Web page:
There’s teamwork—NASA putting people on the moon, for instance, or the Mighty Ducks triumphing over Team Iceland—and then there’s teamwork. A gelatinous sea creature called a salp knows this better than anyone, forming long chains of neurologically connected individuals that work together for the greater good. That is, eating and not dying.

A new study helps unravel the complexities of the salp’s jet-powered, aggregate lifestyle, showing how a creature that’s actually dozens of individuals manages to get around at all. Fascinating stuff in and of itself, and potentially big news for designers of underwater vehicles.

Salps have a goofy way of going about life. Each individual in a chain can reproduce sexually to produce a solitary individual, which you can think of as a barrel. Through one end it sucks water, filtering out planktonic food. It fires the water out the other end as a jet, propelling itself forward. This solitary salp reproduces asexually to make another chain of salps.

How a solitary salp gets around is fundamentally different from how a fish moves. “When a fish wants to produce thrust, it ‘wiggles’ its body and fins, with the side effect of increasing drag from the ideal, stretched straight hydrodynamic shape,” says aerospace engineer Daniel Weihs of the Technion-Israel Institute of Technology, a coauthor of the study. Salps, on the other hand, largely maintain their shape as they jet around. Plus, living together in long chains reduces the surface area exposed to the water, further reducing drag.

So as an aggregate, you’ve got what is essentially a chain of engines, which you might think could get messy—logistically speaking. So do the individual salps coordinate their bursts? As it happens, no, not usually. Their locomotion is asynchronous.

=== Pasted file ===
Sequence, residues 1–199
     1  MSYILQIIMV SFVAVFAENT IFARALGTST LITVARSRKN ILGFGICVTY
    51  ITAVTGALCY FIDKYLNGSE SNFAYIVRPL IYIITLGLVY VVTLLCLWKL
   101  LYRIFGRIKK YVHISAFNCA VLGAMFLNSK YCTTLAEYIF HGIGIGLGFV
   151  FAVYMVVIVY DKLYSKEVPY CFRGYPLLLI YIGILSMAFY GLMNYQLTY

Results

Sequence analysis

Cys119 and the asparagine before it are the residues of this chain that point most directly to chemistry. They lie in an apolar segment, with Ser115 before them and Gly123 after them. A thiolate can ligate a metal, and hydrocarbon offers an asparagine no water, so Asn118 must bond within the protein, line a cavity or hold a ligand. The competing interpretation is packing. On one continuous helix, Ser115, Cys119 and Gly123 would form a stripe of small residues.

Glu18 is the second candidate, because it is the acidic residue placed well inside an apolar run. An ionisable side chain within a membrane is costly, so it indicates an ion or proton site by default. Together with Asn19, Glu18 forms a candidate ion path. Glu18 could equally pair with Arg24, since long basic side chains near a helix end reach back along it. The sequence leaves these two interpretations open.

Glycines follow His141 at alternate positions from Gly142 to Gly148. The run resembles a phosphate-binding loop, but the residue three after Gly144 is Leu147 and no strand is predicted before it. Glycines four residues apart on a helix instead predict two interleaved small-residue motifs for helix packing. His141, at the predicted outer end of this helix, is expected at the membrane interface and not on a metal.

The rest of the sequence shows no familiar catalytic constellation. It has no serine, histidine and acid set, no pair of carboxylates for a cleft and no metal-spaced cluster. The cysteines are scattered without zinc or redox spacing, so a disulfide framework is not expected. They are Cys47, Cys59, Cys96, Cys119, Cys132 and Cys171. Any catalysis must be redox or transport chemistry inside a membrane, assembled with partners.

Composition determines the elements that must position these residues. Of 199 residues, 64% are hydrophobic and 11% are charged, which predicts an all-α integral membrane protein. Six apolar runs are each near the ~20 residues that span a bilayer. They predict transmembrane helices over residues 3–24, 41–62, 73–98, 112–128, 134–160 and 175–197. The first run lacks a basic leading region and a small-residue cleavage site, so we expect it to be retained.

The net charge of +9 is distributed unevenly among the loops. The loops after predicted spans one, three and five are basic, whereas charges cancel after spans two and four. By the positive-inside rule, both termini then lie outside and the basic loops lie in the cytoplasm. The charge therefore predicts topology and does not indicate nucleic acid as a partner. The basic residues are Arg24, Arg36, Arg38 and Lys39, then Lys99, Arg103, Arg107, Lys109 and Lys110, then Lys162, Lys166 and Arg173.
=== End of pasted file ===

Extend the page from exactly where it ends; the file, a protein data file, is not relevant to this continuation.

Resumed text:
“What we showed with the experiments is that during kind of normal steady state swimming, each individual is essentially behaving as an individual,” says biologist and study coauthor Kelly Sutherland of the University of Oregon. “It’s pulsing at its own frequency, but from this individual behavior you get this emergent behavior that’s really efficient.” (The aggregate will, however, coordinate its bursts when it feels threatened and needs to book it.)

That’s because what you end up with is a community that by its collective jetting can better maintain a steady speed unlike, say, a jellyfish, which has more of a burst thing going on. Think of it like city versus highway driving—you’re going to get better mileage at a steady 65 mph than you would decelerating and accelerating all the time. (I’m not calling out the jellyfish for inefficiency, by the way. It’s actually quite efficient in its own right.)

Weihs and Sutherland also studied the structure of the wake that individuals leave behind. After all, efficiency might take a hit if those wakes get mixed up. “When you compare between the solitaries and the aggregates, the jet wakes really look pretty similar,” says Sutherland. “The key thing is just that you don’t get interactions between those jet wakes.” Everything seems to get along fine.

So in the end you have an aggregate salp that benefits from uncoordinated pulsing yet still manages to generate efficient wake. That could be of great use to anyone designing underwater vehicles. Propellers have their place, of course—good luck moving a cruise ship with salp-like bursts—but certain situations require a more delicate approach, like exploring sunken ships or sneaking around for nefarious purposes.

Not that you should go and slap a bunch of salp-inspired jets all over your underwater robot. But by looking to nature, engineers can mimic the collective wonders of gelatinous sea creatures. After all, there is no “i” in team—or salp for that matter.

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